Over the last few days, it seems as if Governor Perry has sought to distance himself from the co-host of his prayer event, The Response. And in a recent interview, he articulated a states' rights view on the issue of gay marriage. Is the Governor moving towards the center to appeal to moderates? How will these moves play to his conservative base? And finally - the BIG question - Will he run?
Perry May Not Speak at His Own Prayer Event, Endorsers Dropped From Website
On August 6, Governor Perry and the American Family Association are co-hosting The Response, a day of Christian prayer and fasting at Reliant Stadium in Houston. It has been the assumption of us here at Watching and Waiting that Governor Perry would have a prominent speaking role at the event. Now, CNN reports, “Perry’s role is still being worked out.”
So the Governor may or may not speak at his own prayer rally.
We previously blogged about how Perry has sought to distance himself from some of the opinions of the American Family Association, which campaigns against ‘the homosexual agenda,’ and other event endorsers such as John Hagee, John Benefiel, and C. Peter Wagner. According to the Austin-American Statesman, the website for The Response no longer includes a link featuring profiles of the individual endorsers, though the AFA is still a co-host.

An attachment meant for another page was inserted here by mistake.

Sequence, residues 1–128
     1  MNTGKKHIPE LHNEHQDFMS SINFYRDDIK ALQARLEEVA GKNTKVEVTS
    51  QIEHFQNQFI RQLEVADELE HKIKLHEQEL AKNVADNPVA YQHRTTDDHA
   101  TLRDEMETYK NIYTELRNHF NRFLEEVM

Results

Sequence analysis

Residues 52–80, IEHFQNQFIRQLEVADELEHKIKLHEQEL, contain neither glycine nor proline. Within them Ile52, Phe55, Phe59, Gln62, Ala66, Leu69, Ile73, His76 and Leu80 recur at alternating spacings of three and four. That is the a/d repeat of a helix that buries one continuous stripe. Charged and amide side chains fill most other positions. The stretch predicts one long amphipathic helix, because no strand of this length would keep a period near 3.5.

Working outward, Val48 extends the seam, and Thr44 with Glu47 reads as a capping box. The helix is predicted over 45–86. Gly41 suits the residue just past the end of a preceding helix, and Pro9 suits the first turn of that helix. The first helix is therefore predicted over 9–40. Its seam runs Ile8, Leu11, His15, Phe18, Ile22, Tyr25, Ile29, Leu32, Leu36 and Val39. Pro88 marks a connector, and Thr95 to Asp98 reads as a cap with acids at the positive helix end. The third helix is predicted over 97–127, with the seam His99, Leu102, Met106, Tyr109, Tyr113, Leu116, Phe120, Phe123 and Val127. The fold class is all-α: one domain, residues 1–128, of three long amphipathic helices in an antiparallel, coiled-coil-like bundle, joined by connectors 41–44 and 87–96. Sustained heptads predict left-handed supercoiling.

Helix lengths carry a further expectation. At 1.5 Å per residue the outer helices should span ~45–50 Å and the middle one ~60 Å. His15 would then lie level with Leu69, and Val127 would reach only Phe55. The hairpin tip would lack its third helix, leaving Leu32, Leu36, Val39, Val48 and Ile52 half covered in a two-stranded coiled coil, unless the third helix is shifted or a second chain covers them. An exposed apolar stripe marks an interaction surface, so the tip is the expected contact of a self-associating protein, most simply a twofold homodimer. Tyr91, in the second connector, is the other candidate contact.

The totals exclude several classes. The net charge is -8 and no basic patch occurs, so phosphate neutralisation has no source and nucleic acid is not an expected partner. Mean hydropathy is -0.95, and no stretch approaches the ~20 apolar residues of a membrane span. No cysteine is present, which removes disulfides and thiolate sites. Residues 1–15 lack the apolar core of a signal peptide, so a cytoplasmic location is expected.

Perry Says Gay Marriage is a States’ Rights Issue
With the recent legalization of gay marriage in New York and a challenge to prohibitions on gay marriage working its way through the federal court system, gay marriage is sure to be an issue in both the GOP primary and the general election. In a recent interview with the New Hampshire Union Leader, Governor Perry has said while he is “an unapologetic social conservative” who is “pro traditional marriage” New York’s recent decision to legalize gay marriage is “New York’s prerogative. ”
Perry has caught some flak from other ‘unapologetic social conservatives’ including presidential candidate and former Pennsylvania senator, Rick Santorum, who criticized Perry on his Twitter feed on July 22.
But according to Jennifer Rubin of the Washington Post , Perry’s adoption of “a 10th Amendment approach to gay marriage…is both in keeping with the party’s defense of federalism and smart politics. ”
Like distancing himself from some of the endorsers of the response, Perry’s states’ rights approach to gay marriage can be viewed as an effort to court more moderate GOP and independent voters.
Rick Perry Will Not Appear on Straw Poll Ballot in Iowa
For the last few weeks, a group called Americans for Rick Perry has been building a campaign infrastructure in Iowa. According to Politico, however, GOP party leaders in Iowa have decided not to include Governor Perry’s name on the ballot for the Ames straw poll, which is scheduled for August 13. Sarah Palin, who is also undeclared, will not appear on the ballot either. Should the Governor decide to run, he will still be able to appear on the ballot for the Iowa caucuses scheduled for February 6, 2012.